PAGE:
We all know the importance of movement, right? You only have to sit down at the desk all day to feel the aches and pains setting in. But what does “movement” really mean? And how long should we be moving to enable you to feel your best?
Hey, it’s Amy the Coeliac girl again by the way.
Living a life with Coeliac Disease, I have never struggled with being overweight (in the national guidelines eyes) and even when I put on weight at university I was still in the “normal” range of BMI. I will readily admit that I have been to the gym only a handful of times and I am personally not a fan of structured exercise - AT ALL!
Movement for me is more about my mind and body rather than the mantra of “no pain, no gain” or “go hard or go home” in the hope of the perfectly sculpted bod.
The same cannot be said for 'The Experimenter Boy' however as he has spent many an hour enjoying movement in the gym (lifting weights or balancing on yoga balls) or running on the trails – it’s just not for me. I am much more of a fan of movement without realising I am actually exercising – sounds crazy right?!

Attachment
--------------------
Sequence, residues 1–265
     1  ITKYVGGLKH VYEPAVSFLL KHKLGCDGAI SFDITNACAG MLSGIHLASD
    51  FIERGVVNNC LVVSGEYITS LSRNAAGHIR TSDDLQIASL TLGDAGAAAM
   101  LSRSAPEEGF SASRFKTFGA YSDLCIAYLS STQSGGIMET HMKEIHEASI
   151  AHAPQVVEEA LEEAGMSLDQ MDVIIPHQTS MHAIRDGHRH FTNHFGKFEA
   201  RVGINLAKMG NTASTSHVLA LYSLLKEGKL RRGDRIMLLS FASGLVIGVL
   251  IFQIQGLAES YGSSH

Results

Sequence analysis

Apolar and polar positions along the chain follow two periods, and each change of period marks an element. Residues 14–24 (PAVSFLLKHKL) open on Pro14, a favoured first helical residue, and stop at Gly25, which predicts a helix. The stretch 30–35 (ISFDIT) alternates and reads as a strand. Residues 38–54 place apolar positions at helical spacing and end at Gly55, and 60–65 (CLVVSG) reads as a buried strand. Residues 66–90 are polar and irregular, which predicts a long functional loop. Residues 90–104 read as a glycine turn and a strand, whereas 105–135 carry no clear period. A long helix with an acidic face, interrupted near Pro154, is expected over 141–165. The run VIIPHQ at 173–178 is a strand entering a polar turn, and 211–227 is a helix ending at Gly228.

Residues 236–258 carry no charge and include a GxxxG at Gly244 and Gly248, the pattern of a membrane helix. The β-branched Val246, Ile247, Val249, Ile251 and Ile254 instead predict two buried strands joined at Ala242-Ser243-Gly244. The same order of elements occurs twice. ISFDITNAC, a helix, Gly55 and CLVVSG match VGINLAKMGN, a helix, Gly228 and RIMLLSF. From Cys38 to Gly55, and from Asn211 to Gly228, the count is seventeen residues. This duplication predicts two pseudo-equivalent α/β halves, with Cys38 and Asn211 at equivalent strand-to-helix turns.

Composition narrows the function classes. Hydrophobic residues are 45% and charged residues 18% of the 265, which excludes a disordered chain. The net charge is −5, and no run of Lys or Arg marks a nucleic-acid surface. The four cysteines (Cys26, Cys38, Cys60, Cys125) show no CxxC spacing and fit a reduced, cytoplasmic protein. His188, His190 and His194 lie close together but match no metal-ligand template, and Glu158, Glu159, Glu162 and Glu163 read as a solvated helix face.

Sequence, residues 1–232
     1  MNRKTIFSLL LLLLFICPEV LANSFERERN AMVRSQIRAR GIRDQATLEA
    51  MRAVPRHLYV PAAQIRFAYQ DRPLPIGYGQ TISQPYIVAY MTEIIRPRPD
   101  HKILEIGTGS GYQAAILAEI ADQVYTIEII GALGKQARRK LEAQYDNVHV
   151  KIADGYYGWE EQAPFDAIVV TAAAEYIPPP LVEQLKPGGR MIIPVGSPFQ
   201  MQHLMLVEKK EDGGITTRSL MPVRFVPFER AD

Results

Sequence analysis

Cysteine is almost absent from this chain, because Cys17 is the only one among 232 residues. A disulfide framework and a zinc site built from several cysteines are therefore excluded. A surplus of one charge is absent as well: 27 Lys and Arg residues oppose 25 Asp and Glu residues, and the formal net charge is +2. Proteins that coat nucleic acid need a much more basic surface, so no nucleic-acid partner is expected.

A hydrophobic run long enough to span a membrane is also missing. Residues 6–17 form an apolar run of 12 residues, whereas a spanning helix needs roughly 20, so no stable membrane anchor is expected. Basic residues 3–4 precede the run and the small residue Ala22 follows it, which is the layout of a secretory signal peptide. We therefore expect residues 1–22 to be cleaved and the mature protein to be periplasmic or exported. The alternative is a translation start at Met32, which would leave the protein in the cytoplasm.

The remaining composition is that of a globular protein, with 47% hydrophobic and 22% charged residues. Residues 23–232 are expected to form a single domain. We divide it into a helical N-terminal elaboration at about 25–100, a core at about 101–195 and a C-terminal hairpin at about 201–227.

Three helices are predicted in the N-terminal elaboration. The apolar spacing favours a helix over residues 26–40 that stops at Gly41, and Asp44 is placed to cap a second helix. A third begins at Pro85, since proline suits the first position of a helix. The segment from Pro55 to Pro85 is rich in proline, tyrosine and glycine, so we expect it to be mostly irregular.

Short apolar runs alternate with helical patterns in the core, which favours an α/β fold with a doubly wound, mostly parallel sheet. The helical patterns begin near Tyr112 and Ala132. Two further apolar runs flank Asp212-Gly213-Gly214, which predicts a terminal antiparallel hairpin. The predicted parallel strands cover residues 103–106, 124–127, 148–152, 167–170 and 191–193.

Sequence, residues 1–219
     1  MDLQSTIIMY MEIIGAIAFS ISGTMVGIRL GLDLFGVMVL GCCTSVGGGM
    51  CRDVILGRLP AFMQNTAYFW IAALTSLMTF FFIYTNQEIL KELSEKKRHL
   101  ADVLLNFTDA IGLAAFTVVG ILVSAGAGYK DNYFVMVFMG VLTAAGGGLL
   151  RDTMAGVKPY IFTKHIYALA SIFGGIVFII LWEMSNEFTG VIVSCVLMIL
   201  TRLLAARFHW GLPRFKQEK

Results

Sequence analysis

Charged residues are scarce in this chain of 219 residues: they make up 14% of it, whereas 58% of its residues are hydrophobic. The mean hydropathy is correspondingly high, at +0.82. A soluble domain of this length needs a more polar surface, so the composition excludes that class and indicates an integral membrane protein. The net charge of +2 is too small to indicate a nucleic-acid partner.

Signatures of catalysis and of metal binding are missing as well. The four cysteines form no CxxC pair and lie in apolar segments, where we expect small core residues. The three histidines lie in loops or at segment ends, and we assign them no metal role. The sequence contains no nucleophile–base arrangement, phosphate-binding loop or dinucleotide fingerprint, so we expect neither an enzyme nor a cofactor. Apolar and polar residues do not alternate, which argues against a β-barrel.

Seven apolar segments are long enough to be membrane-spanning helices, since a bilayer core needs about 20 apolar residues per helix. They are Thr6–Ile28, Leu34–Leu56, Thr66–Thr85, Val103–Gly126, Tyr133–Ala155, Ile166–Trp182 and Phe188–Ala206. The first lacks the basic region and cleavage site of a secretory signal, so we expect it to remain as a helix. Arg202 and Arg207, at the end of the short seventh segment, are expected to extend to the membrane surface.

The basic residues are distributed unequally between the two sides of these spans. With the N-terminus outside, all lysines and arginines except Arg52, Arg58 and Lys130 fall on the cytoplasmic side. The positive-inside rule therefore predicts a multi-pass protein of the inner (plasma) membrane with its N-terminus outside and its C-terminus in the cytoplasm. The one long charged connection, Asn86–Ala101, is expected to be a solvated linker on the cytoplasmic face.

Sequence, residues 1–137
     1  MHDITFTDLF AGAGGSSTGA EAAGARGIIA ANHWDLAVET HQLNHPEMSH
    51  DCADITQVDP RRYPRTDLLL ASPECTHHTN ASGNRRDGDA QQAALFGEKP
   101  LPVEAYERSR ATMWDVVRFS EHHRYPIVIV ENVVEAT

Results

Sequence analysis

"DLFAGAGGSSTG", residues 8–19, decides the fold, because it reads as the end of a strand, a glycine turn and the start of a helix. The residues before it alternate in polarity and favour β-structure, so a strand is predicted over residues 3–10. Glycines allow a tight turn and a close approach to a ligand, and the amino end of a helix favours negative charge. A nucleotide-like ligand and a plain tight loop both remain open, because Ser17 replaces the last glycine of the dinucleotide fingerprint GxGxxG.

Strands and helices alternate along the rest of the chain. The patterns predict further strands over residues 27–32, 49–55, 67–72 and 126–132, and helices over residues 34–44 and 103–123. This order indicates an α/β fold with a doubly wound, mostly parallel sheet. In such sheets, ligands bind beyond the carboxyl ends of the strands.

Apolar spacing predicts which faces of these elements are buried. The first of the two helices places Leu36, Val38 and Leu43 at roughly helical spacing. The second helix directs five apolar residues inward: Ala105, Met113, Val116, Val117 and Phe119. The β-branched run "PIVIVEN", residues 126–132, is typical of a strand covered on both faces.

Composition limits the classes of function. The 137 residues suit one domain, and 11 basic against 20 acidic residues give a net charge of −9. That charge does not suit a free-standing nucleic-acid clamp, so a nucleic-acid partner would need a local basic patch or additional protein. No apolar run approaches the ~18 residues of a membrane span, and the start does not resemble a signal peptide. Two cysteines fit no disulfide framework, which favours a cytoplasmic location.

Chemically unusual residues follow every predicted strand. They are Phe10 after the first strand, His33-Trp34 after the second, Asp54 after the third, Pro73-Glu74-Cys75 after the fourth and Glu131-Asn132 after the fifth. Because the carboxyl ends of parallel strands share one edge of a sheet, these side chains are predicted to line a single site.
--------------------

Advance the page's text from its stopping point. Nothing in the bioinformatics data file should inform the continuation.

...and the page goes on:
The aim of this post is to highlight that movement can mean different things to different people and that there are simple ways of increasing movement in your day without spending a fortune on a gym membership or even consciously worrying about how you will fit it into your busy day.
If however, you are a gym bunny or running enthusiast like Jeff, that is great, however, it hasn't always got to be this structured...
For those that need a little motivation for movement, let’s start with why!
When the duvet is cocooning you from the world and you are just too snuggly – a life of lazing around in bed watching a series of Blue Planet sounds ideal. Why even bother to move? Well, my lovely's, movement is not only great for your body and health but also your mind!
Several studies have shown that by doing only 30 minutes of “exercise” or movement, you can significantly reduce the chances and effects of:
- Type 2 Diabetes
- Musculoskeletal conditions
I think most of us have heard this and it probably is not much of a surprise. What was a surprise though to me, is that movement can also help those with anxiety and mental health concerns.